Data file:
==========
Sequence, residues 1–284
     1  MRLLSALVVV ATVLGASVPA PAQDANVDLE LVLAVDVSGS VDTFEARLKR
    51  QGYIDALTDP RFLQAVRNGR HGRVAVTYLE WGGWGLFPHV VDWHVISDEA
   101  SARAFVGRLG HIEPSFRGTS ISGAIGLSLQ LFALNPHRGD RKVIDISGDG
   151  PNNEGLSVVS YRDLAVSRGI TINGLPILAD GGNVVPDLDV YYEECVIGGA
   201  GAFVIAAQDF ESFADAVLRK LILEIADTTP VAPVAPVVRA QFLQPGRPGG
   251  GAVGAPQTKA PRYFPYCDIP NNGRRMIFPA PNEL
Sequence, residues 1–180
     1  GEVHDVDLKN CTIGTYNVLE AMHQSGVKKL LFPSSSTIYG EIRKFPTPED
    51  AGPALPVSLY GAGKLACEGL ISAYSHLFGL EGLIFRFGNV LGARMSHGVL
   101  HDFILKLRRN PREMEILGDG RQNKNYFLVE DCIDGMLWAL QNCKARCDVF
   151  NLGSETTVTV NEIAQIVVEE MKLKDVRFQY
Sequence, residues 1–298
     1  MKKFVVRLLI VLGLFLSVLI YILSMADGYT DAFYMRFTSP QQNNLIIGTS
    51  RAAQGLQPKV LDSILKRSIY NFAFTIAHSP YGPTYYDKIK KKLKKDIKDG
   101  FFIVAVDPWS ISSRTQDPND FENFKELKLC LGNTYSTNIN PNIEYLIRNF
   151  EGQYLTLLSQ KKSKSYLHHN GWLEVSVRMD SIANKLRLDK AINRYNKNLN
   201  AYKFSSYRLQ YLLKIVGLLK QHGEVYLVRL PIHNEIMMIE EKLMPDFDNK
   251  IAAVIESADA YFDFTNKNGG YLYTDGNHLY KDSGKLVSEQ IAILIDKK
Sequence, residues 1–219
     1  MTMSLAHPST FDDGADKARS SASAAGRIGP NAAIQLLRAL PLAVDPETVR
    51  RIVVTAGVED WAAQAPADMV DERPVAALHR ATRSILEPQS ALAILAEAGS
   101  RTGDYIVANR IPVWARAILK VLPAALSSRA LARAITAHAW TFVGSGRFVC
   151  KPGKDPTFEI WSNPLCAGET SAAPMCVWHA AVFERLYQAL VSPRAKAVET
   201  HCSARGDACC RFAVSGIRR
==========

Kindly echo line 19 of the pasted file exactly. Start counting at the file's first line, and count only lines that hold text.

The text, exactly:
   251  IAAVIESADA YFDFTNKNGG YLYTDGNHLY KDSGKLVSEQ IAILIDKK